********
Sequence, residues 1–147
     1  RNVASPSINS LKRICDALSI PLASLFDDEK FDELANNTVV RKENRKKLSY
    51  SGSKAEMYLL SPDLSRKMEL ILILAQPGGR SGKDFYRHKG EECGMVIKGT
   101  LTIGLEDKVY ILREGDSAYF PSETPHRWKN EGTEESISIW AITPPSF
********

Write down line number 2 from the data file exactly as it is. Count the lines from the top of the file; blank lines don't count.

     1  RNVASPSINS LKRICDALSI PLASLFDDEK FDELANNTVV RKENRKKLSY